6. Motion Pictures and Other Audiovisual Works – works that consist of a series of related images that are intended to be shown by the use of a machine or device, together with accompanying sounds, if any. Includes: feature films, documentary films, animated films, television shows, movies on DVD, videos, videogames.
  7. Sound Recordings – works that result from the fixation of a series of musical, spoken, or other sounds. Includes all forms of recorded sounds including songs and albums on CD or MP3 but does not include sounds that accompany an audiovisual work (which are included in the motion pictures and other audiovisual works category)
  8. Architectural Works – Includes: technical drawings, architectural designs.

What Cannot be Protected Through Copyright?

Because there is a minimal amount of originality or creative expression required to obtain copyright protection, several categories of works cannot be protected by copyright. These include:

  • Titles, names (ex: performing groups), pseudonyms (ex: pen names), business or organization names, produce or service names, short phrases, catchphrases, mottos, expressions, clauses, slogans.
  • Facts, ideas, formulas, algorithms, equations, procedures, plans, methods of operation, systems, processes, concepts, principles, discoveries, or devices (ex: slide rulers, wheel dials, perpetual calendar designs). Most of these articles are specifically excluded by Section 102(b).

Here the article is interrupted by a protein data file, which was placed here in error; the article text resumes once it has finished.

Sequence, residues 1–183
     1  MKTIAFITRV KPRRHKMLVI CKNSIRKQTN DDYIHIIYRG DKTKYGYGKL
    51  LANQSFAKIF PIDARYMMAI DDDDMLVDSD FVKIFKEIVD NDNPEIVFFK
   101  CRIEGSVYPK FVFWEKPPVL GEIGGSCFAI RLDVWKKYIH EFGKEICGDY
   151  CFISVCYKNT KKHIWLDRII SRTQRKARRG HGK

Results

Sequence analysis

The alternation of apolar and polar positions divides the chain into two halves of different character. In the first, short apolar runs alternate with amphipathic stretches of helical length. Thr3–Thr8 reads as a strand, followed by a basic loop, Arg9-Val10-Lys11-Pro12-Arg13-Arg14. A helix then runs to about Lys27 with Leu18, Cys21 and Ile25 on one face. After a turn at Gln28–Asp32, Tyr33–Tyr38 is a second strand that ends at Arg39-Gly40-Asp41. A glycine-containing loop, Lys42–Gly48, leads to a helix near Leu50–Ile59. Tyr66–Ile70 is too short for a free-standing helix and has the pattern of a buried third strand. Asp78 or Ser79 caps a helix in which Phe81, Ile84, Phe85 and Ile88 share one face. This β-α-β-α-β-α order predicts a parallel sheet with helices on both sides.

• A useful article, or an object that has an intrinsic utilitarian function that is not merely to portray the appearance of the article or to convey information, may be protected by patent. The way in which the useful article is expressed – its actual description, explanation, or illustration – may be protected by copyright. Copyright Office – Circular 31: Ideas, Methods, or Systems.
  • Works consisting entirely of information that is common property and containing no original authorship or only familiar symbols or designs. Examples: standard calendars, height and weight charts, tape measures, rulers, schedules of sporting events, lists or tables taken from public documents or sources, mere listing of ingredients or contents.
  • Mere variations of typographic ornamentation, formatting, arrangement, lettering, or coloring.
  • Blank forms and similar works designed to record rather than to convey information. Examples: column headings and simple checklists.

See Copyright Office – Circular 1: Copyright Basics. Additionally, works that have not been fixed in a tangible form of expression (ex: improvisational speeches or performances that have not been written or recorded) cannot be copyrighted.